If you don’t subscribe to the idea that capitalism is the only moral economic system, an idea boldly proclaimed by Christians infatuated with Ayn Rand’s philosophy, and you dare mention inequality, you will probably be accused of class envy. Or, you will be labeled a socialist. It matters not to these ideologues that you reject socialism outright.
By almost any standard of measure, I am rich when compared to the vast majority of humans who have ever lived. And so are most Americans. So, when anyone accuses me of class envy, they must be referring to an envy of those richer than I am.
But I don’t envy people who have more wealth than me because the Bible gives me many reasons not to. I will mention only a few.
Perhaps the most obvious reason is the Bible’s prohibition of covetousness (Exodus 20:17). Riches can become an idol.
Seeking riches will often wear us out so that we have little time or energy to pursue God’s will (Proverbs 23:4,5). Wisdom bids us to spend our time wisely, storing up treasure in heaven instead of storing up treasure on earth (Matthew 6:19-21).
Why would any Christian envy those richer than themselves given the potential risk described in 1 Timothy 6:9-10?
People who want to get rich fall into temptation and a trap and into many foolish and harmful desires that plunge men into ruin and destruction. For the love of money is a root of all kinds of evil. Some people, eager for money, have wandered from the faith and pierced themselves with many griefs.
I don’t envy people who are richer than me because I already am tempted to depend on wealth rather than God for my security:
The wealth of the rich is their fortified city; they imagine it an unscalable wall (Proverbs 18:11).
I don’t envy the rich because, unless I have been rich toward God, any treasure stored on earth is useless on the night my life is demanded from me (Luke 12:13-21).
I don’t envy the rich because, often, the fortunes of the rich and the poor are reversed in eternity.
Looking at his disciples, he said:
Blessed are you who are poor, for yours is the kingdom of God.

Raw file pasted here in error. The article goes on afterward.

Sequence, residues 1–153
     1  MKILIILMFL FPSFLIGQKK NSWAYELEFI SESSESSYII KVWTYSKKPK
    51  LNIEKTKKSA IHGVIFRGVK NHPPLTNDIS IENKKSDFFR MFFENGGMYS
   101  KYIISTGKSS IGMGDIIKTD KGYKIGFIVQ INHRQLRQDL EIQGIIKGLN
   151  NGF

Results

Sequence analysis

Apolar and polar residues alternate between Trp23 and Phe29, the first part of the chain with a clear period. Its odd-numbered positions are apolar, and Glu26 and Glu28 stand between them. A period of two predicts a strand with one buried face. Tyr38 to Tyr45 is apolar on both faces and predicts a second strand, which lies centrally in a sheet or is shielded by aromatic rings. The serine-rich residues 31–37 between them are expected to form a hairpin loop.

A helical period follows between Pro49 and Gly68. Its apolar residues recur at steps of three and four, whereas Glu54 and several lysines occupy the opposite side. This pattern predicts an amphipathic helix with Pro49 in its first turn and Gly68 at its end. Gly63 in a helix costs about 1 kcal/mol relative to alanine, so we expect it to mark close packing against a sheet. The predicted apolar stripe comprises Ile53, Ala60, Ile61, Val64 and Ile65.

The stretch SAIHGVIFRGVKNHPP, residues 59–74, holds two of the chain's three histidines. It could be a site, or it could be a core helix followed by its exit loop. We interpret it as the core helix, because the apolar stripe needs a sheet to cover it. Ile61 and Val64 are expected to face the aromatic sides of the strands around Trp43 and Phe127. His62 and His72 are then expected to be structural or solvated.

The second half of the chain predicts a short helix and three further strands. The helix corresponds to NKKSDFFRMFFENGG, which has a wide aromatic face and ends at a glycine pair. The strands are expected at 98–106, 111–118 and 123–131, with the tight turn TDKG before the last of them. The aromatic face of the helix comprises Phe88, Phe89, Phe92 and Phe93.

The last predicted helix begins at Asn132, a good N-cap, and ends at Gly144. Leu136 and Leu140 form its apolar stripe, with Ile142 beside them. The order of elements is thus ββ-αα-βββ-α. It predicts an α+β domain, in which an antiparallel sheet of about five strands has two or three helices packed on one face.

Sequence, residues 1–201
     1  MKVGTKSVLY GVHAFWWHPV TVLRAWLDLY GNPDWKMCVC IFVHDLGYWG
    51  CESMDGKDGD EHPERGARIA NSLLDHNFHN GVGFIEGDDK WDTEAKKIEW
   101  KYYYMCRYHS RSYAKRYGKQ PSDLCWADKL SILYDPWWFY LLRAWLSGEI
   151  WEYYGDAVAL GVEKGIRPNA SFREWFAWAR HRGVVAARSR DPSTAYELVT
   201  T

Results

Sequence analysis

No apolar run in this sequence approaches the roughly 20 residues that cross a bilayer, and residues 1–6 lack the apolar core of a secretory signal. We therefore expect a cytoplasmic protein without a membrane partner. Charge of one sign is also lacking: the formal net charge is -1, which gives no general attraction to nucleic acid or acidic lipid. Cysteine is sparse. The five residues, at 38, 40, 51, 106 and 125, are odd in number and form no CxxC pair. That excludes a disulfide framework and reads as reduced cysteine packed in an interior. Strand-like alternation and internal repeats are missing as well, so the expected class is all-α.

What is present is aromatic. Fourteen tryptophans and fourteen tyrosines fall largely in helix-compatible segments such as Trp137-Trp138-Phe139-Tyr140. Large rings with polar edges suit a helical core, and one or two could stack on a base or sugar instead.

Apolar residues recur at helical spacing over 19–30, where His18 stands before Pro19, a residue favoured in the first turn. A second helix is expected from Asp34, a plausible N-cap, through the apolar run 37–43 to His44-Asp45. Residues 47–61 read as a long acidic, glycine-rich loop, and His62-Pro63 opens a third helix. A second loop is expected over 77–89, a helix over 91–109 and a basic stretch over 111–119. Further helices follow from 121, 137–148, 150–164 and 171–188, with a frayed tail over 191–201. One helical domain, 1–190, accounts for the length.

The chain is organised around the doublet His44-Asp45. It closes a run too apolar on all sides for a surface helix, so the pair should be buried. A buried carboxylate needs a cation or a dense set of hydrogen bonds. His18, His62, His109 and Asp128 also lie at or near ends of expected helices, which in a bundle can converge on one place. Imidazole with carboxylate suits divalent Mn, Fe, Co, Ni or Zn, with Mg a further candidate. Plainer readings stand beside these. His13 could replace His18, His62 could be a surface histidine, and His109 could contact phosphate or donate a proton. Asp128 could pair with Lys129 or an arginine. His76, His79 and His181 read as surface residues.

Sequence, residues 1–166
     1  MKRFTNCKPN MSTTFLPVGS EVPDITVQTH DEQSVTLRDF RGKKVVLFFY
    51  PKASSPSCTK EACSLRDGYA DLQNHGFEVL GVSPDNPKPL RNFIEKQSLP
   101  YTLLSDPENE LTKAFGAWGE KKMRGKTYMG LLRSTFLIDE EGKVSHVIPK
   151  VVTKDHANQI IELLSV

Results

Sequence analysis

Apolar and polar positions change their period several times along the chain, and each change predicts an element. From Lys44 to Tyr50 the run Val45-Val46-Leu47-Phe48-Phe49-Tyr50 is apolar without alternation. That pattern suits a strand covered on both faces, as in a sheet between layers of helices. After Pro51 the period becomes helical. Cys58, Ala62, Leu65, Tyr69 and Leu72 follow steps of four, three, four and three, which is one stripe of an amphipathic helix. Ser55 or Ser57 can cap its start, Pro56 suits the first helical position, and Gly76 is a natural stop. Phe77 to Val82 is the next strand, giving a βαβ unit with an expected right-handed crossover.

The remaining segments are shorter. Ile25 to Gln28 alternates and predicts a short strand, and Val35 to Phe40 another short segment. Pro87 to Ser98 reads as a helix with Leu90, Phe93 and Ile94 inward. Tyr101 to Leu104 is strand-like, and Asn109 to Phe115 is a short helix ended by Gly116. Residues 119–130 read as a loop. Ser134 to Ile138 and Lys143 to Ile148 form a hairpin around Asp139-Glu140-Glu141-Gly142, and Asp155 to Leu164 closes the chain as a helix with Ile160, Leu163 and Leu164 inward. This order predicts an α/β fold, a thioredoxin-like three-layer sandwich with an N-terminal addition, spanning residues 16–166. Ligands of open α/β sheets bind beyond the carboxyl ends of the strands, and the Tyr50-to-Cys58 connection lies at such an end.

Blessed are you who hunger now, for you will be satisfied.
Blessed are you who weep now, for you will laugh.
Blessed are you when people hate you, when they exclude you and insult you
and reject your name as evil, because of the Son of Man.
Rejoice in that day and leap for joy, because great is your reward in heaven. For that is how their ancestors treated the prophets.
But woe to you who are rich, for you have already received your comfort.
Woe to you who are well fed now, for you will go hungry.
Woe to you who laugh now, for you will mourn and weep.
Woe to you when everyone speaks well of you,
for that is how their ancestors treated the false prophets. Luke 6:20-26
Jesus provides convincing evidence of the power of wealth to turn hearts away from God. The beatitudes and woes are specific genres in the Greek and Jewish worlds. Beatitudes and woes function as congratulations and condolences in the present for certain outcomes in the future.1
Though it is possible with God for a rich man to enter the kingdom of God (Matthew 19:26), Jesus clearly states that wealth becomes an obstacle for many a rich man or woman (Matthew 19:21-25).
The rich don’t merit our envy, but some rich people deserve our pity.
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- Charles H. Talbert, Reading Luke, (New York: Crossroad, 1982), 69-70.